Paediatrics: Obstetric problems
It is desirable for a paediatrician to attend a birth if there is: · foetal distress (including meconium-stained liquor); · emergency CS;
It is desirable for a paediatrician to attend a birth if there is:
- foetal distress (including meconium-stained liquor);
- emergency CS;
- elective CS under general anaesthetic (GA);
- vaginal breech delivery;
- rotational forceps;
- preterm delivery <34wks gestation;
- severe IUGR;
- maternal IDDM;
- serious foetal abnormality; significant iso-immune haemolytic disease.
Small for gestational age
Serial detailed US scans (including Doppler foetal umbilical and cerebral artery blood flow measurement) should be performed to determine:
- Whether growth reduction is symmetrical or asymmetrical. Symmetrical SGA is usually foetal in origin; asymmetrical suggests placental dysfunction.
- Foetal growth rate.
- Foetal health.
There is ‘rise' risk of foetal hypoxia or death, requiring close antenatal and intrapartum monitoring. Early delivery may be needed. Abnormal Doppler artery measurements (e.g. absent or reversed end-diastolic flow) indicate an especially high foetal risk.
Large for gestational age
A glucose tolerance test should be performed to detect maternal diabetes. Because of ‘rise risk of obstetric complications, a senior obstetrician should supervise the timing and mode of delivery and labour. Specialist input (diabetologist) should also be sought early.
There is an increased risk of:
- Perinatal mortality.
- Preterm delivery.
- Pregnancy-induced hypertension.
- Risk increases as the foetus number increases. If 3, selective feticide may be indicated to improve the outcome for survivors.
Liquor volume <500mL. Causes:
- Placental insufficiency.
- Preterm prolonged rupture of membranes (PPROM).
- Foetal urinary tract obstruction or renal disease.
- Pulmonary hypoplasia/dry lung syndrome.
- Contractures/developmental dysplasia of the hip.
Liquor volume >2000mL. Causes:
- 50% s to foetal disease, e.g. upper GI tract obstruction.
- 30% idiopathic.
- 20% of maternal diabetes mellitus.
- Preterm labour.
- Umbilical cord prolapse.
Amniotic fluid reduction and indomethacin may be beneficial.
Longer than 42wks gestation.
- Significant ‘rise’ perinatal mortality and morbidity (i risk of perinatal hypoxia due to placental insufficiency, obstructed labour due to larger foetus, meconium aspiration, reduced skull moulding).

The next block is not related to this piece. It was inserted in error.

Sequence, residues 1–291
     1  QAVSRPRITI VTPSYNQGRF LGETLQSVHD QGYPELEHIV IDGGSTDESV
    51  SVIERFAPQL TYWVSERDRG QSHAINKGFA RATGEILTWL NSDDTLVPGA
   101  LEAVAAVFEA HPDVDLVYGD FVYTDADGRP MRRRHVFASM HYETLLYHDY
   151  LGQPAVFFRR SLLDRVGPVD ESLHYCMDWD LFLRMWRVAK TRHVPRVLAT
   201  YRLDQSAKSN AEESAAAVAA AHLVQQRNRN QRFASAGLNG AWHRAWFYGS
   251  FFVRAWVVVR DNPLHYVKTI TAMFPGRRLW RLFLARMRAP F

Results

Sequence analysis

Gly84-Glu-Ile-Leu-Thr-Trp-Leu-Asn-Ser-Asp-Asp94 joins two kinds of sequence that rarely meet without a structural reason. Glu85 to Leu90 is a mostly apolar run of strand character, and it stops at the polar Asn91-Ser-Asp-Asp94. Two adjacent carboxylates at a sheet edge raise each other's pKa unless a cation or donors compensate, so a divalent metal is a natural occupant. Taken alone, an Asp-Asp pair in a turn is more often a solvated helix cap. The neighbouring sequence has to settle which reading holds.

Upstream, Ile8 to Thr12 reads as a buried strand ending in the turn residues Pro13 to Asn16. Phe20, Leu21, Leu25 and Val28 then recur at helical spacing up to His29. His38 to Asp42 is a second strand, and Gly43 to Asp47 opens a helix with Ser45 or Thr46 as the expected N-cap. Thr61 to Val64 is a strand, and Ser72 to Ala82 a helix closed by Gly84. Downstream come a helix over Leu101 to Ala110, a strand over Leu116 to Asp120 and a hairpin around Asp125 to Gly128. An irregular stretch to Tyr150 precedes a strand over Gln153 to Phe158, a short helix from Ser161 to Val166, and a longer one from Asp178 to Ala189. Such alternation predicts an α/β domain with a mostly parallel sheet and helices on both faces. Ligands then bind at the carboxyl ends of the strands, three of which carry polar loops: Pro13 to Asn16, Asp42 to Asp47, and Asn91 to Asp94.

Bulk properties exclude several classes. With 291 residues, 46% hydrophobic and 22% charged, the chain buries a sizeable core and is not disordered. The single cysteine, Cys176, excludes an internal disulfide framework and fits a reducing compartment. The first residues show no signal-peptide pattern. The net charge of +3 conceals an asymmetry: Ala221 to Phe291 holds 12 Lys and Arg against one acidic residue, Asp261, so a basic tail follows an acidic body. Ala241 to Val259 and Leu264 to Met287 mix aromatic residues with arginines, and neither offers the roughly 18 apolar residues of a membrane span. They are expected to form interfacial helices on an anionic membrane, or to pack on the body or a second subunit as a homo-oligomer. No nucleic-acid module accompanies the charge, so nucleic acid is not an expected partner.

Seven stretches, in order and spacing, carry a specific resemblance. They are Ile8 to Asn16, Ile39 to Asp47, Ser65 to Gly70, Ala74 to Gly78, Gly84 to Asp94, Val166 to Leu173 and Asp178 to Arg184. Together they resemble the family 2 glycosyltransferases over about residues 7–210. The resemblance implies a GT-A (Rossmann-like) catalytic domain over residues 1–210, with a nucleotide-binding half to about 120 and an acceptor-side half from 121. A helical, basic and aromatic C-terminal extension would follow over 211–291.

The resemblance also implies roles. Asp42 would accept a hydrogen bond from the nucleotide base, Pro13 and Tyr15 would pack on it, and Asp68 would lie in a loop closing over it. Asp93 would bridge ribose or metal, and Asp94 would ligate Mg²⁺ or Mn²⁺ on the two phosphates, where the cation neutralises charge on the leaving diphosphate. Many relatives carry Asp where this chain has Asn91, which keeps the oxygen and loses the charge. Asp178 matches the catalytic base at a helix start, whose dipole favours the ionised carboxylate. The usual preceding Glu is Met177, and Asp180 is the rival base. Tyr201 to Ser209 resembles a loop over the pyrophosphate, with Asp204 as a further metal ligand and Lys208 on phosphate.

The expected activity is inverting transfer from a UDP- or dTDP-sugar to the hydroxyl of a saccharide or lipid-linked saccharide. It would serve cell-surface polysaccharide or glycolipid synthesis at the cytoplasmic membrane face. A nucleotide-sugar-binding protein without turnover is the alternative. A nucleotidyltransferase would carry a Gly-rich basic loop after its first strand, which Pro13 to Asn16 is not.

- Induction of labour is usually advised after 41wks.
Uterine-placental bleeding after 24wks gestation.
- Associated with ‘risk perinatal mortality and morbidity; preterm delivery.
- Major causes are placenta praevia, vasa praevia, placental abruption.
- Observation or immediate delivery performed depending on severity and gestation.
Umbilical cord prolapse
An obstetric emergency due to a high risk of cord compression and perinatal asphyxia. Requires urgent delivery, usually by CS.
Preterm prelabour rupture of the membranes
- In 80% preterm labour rapidly follows.
- In the remaining 20% there is a significant risk of infection and, if PPROM occurs before 20wks, neonatal pulmonary hypoplasia.
- Treatment: Give mother corticosteroids. Consider antibiotics. Tocolysis is contraindicated.
Failure to progress
Neonatal and maternal morbidity increase with progressive delay.
- Caused by: passage obstruction (malpresentation, cephalopelvic disproportion, abnormal pelvic, or cervical anatomy) or uterine dysfunction.
- Treatment: artificial rupture of membranes (ARM), analgesia, and synthetic oxytocin to hasten delivery. CS may be necessary.
Disturbing/abnormal foetal heart rate patterns
May signify hypoxia. Foetal acidosis results if hypoxia is prolonged or re-peated.
- Loss of variability in baseline foetal heart rate (<5beats/min).
- Late decelerations (in heart rate) (lowest foetal heart rate is > the 30s after peak uterine contraction).
- Repetitive severe, variable decelerations.
- Prolonged foetal deceleration (2–9min below the established baseline).
- Prolonged foetal bradycardia (<100/min).
- Persistent foetal tachycardia (>170/min).
- Foetal blood gas sampling (pH 7.24 = ‘Borderline’ - repeat 30min; 7.2 = ‘Abnormal’—consultant obstetrician and delivery).
- Postnatal umbilical artery and venous blood gas are used to determine the actual level and nature of acidaemia.
The most common form is breech (3% at term).
- Types: extended (hips flexed and knees extended); flexed (hips and knees flexed); footling (feet are presenting part).
- External cephalic version: may be successful in turning baby between 34and 36wks.
- Vaginal breech delivery: associated with ‘rise’ perinatal mortality and morbidity; CS is recommended.
- Other malpresentation is associated with ‘rise' risk of obstructed labour and CS rate (obligatory for brow and transverse presentation).
Inability to deliver shoulders after the head has been delivered. Cord compression leads to rapid foetal asphyxia.
- Treatment: urgent delivery—experienced obstetrician, McRobert’smanoeuvre (flexion + abduction maternal hips, thighs on the abdomen), suprapubic pressure, posterior foetal arm extraction, +/– episiotomy
- Risks: perinatal asphyxia, humeral and clavicle fracture, Erb’s palsy.